Distress signal from Mars?
Let's suppose the first manned mission on Mars takes place, but a landing malfunction leaves the ship stranded on Mars. The crew members are intact and even have the food supply to survive for at least the time they would have taken to return back to Earth. Will NASA be likely to organize a rescue mission in this case? The costs would probably be enormous and there is also an additional risk for the rescuers. What YOU think would be the best decision?
Asked By: mvp18ro - 9/23/2007
Best Answer - Chosen by Asker
This is a HUGE question for the safety conscious folks at NASA. It is fairly obvious that the Mission to Mars will have to be staged from the International Space Station. That is the only way NASA can get sufficient materials and supplies up into orbit prior to the mission launch. In other words, several launches will... More
Answered By: zahbudar - 9/23/2007
Additional Answers (6)
they would definitely organize a rescue mission i think they have something planned for that, you know in case things go wrong i mean I HOPE they have a plan B
Answered By: succubus - 9/23/2007
Well, to leave them to die is plain cruelty. They must be rescued immediantly, and people must learn to value the life of everyone.
Answered By: kukuzyavochka - 9/23/2007
You always have to consider the cost/risk factor. Automobile manufacturers take this into account when they balance the risk and cost of potential lawsuits against the savings realized by using two less bolts to secure the gas tank. If the savings achieved by using two less bolts outweighs the possible costs of... More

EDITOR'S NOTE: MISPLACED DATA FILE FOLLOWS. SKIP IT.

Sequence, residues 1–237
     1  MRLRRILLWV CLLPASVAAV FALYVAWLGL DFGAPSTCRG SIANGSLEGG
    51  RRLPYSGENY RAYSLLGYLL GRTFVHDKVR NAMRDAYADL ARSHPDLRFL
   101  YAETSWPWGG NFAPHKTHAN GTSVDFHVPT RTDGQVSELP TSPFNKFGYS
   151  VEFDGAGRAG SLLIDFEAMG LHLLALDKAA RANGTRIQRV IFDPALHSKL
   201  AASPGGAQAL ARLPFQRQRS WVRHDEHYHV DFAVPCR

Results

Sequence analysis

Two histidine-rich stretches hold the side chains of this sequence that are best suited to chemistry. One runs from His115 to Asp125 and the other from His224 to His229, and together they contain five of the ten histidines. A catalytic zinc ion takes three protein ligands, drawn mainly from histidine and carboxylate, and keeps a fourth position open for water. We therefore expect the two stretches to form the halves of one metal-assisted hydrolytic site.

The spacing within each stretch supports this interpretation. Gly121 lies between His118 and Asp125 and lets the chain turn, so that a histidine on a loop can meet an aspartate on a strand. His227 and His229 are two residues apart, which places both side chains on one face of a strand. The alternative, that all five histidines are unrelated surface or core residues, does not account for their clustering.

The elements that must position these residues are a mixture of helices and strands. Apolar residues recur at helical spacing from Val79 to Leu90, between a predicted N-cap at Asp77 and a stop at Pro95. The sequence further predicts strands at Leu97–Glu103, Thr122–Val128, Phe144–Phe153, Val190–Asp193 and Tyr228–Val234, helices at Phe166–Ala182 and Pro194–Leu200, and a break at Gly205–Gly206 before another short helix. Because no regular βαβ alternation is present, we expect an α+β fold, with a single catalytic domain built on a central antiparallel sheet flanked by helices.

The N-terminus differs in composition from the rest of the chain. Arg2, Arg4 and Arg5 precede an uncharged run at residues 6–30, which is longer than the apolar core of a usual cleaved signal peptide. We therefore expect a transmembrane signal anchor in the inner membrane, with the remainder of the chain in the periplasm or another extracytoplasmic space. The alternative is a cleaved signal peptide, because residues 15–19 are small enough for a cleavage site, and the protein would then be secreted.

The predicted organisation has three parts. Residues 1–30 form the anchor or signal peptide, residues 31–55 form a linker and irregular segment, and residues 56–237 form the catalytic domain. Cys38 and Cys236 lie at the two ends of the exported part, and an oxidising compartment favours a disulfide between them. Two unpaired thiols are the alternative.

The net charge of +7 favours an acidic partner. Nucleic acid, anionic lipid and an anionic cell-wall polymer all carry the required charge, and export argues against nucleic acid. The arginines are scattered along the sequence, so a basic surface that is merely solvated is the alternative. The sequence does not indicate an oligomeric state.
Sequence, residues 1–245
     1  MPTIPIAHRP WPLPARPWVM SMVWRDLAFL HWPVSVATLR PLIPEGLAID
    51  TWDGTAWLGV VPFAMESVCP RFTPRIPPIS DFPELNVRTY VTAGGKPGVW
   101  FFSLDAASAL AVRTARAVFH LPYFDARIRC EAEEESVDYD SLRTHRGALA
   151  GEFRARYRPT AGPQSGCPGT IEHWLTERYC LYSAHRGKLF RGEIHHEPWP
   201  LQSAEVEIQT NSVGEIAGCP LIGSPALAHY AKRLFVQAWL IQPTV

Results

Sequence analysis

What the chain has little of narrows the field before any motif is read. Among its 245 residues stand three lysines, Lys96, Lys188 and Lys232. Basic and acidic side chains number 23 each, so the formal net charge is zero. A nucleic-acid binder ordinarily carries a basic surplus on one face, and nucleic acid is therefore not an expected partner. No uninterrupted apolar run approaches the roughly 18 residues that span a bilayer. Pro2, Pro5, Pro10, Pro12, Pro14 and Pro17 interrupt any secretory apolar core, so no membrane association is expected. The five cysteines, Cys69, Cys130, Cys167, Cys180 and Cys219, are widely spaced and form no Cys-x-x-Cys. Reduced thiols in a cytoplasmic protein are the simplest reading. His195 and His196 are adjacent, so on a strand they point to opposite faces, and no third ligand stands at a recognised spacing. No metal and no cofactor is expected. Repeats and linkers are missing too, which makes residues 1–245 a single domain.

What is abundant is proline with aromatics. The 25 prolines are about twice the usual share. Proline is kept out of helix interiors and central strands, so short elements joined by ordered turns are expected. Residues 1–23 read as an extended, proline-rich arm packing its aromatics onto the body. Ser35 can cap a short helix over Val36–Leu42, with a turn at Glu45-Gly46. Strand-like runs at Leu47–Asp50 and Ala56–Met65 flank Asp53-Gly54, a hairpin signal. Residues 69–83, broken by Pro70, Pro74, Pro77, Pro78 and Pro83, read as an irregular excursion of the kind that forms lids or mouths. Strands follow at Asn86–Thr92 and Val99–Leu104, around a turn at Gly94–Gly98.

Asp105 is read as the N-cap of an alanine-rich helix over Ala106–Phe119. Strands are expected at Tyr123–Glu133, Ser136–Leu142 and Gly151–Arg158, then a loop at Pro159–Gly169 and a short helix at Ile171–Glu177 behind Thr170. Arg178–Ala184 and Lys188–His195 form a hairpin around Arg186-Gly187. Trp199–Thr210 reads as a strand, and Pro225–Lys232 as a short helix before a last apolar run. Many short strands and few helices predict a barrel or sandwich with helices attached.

Answered By: kokopelli - 9/23/2007
The current plan for a Mars mission involves launching supplies and a return vehicle in advance.
Answered By: J_DOG - 9/23/2007
NASA would no doubt do everything in it's power to rescue a crew stranded on Mars but unless they had a rescue ship ready to leave with in a short period of time and the planetary alignment was in their favor the astronauts could be out of luck... More
Answered By: ericbryce2 - 9/23/2007
The risks are understood by the astronaut's before they go into space. Just like on Everest, where people get left all the time, people on Mars would be expected to look after themselves and I don't think NASA would send a rescue mission. Why don't you ask NASA about any contingency plans.
Answered By: Rich P - 9/23/2007
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